She stopped going to the mall to avoid interacting with the officers there. She abandoned her childhood dream of becoming a police officer, even though she possesses the presence, personality, and background to be an excellent law enforcement official. She fears that police might kill or sexually assault someone like her: a young, low-income black woman who lives in West Baltimore.
Although Shawna sees the law and its enforcers as worthy of obedience as a theoretical matter, she does not believe that law enforcement officials see her, and people like her, as a true part of the polity. To this point, this Essay has argued that scholars and policymakers should understand persistent police distrust among African Americans and residents of high-poverty communities as a problem of legal estrangement, a cultural orientation about the law that emanates from collective symbolic and structural exclusion—that is, both subjective and objective factors.
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In this Part, I further define legal estrangement theory. I argue that legal estrangement is a product of three socio-legal processes: procedural injustice, vicarious marginalization, and structural exclusion. All of these processes are supported in the empirical literature, although their primary justifications emerge from theory. Below, I explain each process in greater detail, drawing upon the literature and offering real-world illustrations from qualitative data.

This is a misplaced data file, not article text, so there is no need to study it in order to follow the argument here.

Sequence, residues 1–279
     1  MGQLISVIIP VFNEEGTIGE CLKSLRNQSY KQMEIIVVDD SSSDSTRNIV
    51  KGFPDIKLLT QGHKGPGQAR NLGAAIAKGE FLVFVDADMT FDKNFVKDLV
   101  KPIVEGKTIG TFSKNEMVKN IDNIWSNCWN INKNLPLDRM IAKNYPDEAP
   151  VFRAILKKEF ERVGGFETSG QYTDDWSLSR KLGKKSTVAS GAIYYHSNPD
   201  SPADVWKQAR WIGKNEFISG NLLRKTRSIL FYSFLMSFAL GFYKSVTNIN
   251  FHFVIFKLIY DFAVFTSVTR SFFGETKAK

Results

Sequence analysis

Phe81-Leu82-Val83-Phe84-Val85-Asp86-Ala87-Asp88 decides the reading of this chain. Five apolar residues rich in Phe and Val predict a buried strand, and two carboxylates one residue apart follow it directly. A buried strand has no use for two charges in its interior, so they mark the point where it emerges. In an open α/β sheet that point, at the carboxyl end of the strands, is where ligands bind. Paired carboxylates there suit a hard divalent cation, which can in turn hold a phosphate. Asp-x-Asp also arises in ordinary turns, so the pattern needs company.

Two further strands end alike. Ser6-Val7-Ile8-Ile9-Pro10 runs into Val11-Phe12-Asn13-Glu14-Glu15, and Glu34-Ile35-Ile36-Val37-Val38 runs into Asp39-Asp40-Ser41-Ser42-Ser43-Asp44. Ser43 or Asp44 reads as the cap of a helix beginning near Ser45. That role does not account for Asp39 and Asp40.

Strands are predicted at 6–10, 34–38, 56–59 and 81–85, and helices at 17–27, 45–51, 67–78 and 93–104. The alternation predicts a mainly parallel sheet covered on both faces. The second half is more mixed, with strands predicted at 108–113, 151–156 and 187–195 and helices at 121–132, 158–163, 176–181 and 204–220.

Building from the legitimacy and procedural justice scholarship described in Part II, I argue that experiences in which individuals feel treated unfairly by the police are one key provocateur of legal estrangement. The procedural injustice component operates at the individual and attitudinal level but, writ large, expands to the cultural level. Consider the example of Justin, an eighteen-year-old African American man living in Northeast Baltimore who is heading to a small religious college out of state on an athletic scholarship. He had wanted to aim for an Ivy League school because his high school grades were strong, but according to him, his SAT score was nearly points shy of the baseline.
The Public Eye: Ideology And The Police Procedural
It just gets so frustrating how disrespectful somebody with high power can be. It just gets annoying. To illustrate his point about disrespect from people in power, Justin told us about his most recent police encounter. At around PM, as they walked toward the light rail station that would carry them home to West Baltimore, they were stopped by a police officer. They were walking in the street along one side; they felt more comfortable walking in the road than on the sidewalk because there were woods on either side of the street. People could be hiding over there. The officer ultimately only gave them warnings for walking in the street.